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An MCDM Approach to Analytically Identify the Air Pollutants’ Impact on Health

University School of Basic and Applied Sciences (USBAS), Guru Gobind Singh Indraprastha University (GGSIPU), Dwarka, Delhi 110078, India
Author to whom correspondence should be addressed.
Atmosphere 2023, 14(6), 909;
Submission received: 1 March 2023 / Revised: 24 April 2023 / Accepted: 15 May 2023 / Published: 23 May 2023
(This article belongs to the Special Issue Air Quality in Metropolitan Areas and Megacities)


Air pollution is one of the deadliest and most important concerns of our era, and it not only impacts our environment but also our health. The consequences of poor air quality are not limited to just our lungs or our heart but also our brain and resulting in increased mortality rate of many countries every year. There are many effluents/pollutants present in the air that are harmful and cause diseases in humans which eventually lead to an increase in morbidity and mortality. Therefore, there is a need to identify those factors and evaluate the effect of pollution caused by air on the health of humans which is a prerequisite for the implementation of policies in preventing pollution. In this study, we model and evaluate the harmful impact of pollution caused by air on the health of humans by using a multi-criteria decision-making approach (MCDM). We have proposed a novel coupled model of the double modified (criteria importance through intercriteria correlation) CRITIC—technique for order of preference by similarity to ideal solution (TOPSIS) method (DMCTM) to identify and evaluate the factors of air pollution and its effect on health which overcome the disadvantage of bias while collecting the subjective data in the traditional TOPSIS method. To get a clear view of the framework proposed, a case study is conducted based on the methodology proposed in which we find that Xinxiang is the most polluted city in China among the five studied cities with SO2 as the major contributor, and the city experienced more pollution levels in 2022 and least in 2016, whereas there is a slight fluctuation in life expectancy with air pollution in the years 2015 and 2023.

1. Introduction

The world’s largest problem that affects the environment, as well as our health, is air pollution. Through extensive studies, we confidently conclude that the activities of humans and rapid urbanization and industrialization have an adverse influence on the environment. Despite the great revolution in the fields of science and technology, these revolutions come up with an adverse impact on the environment in terms of mixing harmful pollutants into the air which eventually deteriorates the quality of air [1]. Air pollution impacts the environment and our health [2,3,4], leading to a rapid increase in the loss of lives, especially in many developing countries. Long-term exposure to these pollutants in the air causes many deadly diseases related to the lungs and heart. Rapid urbanization [5], deforestation, green space shrinkage [6], the interference of humans with nature, and the mixing of harmful effluents into the air are mainly responsible for air pollution [7,8,9]. The death ratio also increases due to the pollution caused by industries and the harmful chemicals released by them in the air [10]. There are many reports present on air pollution’s impact and the diseases caused by it. A few of them are given in this paper. According to the Cancer Prevention II study, conducted by the American Cancer Society in 1982, risk factor data for roughly five lakh adults were linked with air pollution data from metropolitan regions across the United States and merged with vital status and cause of death data [3]. The 2019 report of the Lancet Commission on Pollution and Health reveals that around 2.3 million premature deaths were due to pollution, including nearly 1.6 million deaths due to air pollution alone in India and around 9 million deaths globally.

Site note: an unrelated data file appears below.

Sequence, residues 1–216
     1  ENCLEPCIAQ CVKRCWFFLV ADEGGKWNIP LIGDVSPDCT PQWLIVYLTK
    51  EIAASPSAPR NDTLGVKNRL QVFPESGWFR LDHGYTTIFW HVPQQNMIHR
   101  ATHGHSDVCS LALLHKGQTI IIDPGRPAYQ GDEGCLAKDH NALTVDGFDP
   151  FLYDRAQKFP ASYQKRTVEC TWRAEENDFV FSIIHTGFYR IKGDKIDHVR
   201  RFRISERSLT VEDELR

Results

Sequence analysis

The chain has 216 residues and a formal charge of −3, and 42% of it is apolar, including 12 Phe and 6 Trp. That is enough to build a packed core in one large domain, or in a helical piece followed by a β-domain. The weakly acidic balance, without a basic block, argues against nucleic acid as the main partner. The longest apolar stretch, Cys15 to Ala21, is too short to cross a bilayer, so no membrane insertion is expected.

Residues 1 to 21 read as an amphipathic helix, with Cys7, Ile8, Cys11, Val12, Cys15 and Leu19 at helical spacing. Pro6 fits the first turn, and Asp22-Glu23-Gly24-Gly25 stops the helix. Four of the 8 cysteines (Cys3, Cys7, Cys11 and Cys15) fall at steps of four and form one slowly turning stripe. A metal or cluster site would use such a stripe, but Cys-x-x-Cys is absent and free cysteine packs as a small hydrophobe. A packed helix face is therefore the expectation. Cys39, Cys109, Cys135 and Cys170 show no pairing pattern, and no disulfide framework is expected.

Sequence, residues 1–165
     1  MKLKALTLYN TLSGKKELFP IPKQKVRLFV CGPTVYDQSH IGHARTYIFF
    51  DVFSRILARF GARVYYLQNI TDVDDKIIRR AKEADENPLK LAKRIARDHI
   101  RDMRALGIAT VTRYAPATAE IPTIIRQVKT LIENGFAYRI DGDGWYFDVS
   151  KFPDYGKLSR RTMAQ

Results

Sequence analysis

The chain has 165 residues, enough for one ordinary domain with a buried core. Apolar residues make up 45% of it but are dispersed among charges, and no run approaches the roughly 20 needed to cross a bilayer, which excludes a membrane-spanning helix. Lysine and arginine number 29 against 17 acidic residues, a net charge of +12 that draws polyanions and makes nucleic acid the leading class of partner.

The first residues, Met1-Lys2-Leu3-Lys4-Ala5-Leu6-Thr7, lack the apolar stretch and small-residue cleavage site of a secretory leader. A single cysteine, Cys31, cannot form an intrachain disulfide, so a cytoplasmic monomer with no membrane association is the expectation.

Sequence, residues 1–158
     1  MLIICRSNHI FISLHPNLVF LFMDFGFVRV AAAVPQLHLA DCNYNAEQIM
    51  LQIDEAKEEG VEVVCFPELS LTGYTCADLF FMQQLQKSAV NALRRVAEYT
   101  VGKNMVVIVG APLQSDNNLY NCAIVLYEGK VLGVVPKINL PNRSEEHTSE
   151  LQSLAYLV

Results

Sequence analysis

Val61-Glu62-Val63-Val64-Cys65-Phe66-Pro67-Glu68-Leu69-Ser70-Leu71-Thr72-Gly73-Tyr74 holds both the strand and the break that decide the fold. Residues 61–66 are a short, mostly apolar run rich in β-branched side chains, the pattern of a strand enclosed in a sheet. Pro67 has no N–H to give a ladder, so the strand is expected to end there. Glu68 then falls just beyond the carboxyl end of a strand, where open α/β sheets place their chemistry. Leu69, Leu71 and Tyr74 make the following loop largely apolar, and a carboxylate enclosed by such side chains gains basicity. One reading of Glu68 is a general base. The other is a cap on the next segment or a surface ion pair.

Therefore, there is an urgent need to take steps in controlling and preventing deaths caused by air pollution. Many steps have already been taken, many policies have been implemented, and efforts like Pradhan Mantri Ujjwala Yojana [11] was launched by India’s P.M. in 2016 which helped in shifting rural women to use a cooking gas were made to control this, and Program for Result (PforR) is used in Jing-Jin-Ji to control the air pollutants and to support the plan made by the government in air pollution in China. There are many policies and steps taken but deaths caused by air pollution continue to exponentially increase every year.
Many scientists have proposed different methods and technologies to control air pollution [12] but there is a dire need to assess the effect of air pollution on the healthy lives of humans. Air quality deteriorates day by day due to an enormous number of factors and pollutants [13] present in the air such as PM10, SO2, NO2, ozone, pH, etc. The identification of the pollutants and quantifying their contribution to deteriorating our health is a cumbersome task; therefore, the analytic evaluation of air pollution and its impact on health can be visualized and modeled with multi-criteria decision making (MCDM) where with respect to a single objective, we may have multiple conflicting criteria. The first research study on MCDM was done by Benjamin Franklin in his research on the moral algebra concept [14]. Since decision-makers find it difficult to choose among multiple criteria due to subjective perceptions. MCDM helps them to select and rank the alternative and evaluate the criteria properly [15]. Many case studies have been done in the past by using MCDM in different forms [16]. There are many well-known methods of MCDM which has already been used by researchers in different fields including the manufacturing industry, supply chain, finance, and banking. The methods include the analytical hierarchy process, data envelopment analysis, case-based reasoning, CRITIC, TOPSIS, WASPAS, and their hybrids [16,17]. In our study, we look at several different pollutants, AQI (air quality index), and the health of the people, and the number of people affected the most, and we use AQLI (air quality life index) here for accounting for the health of the people.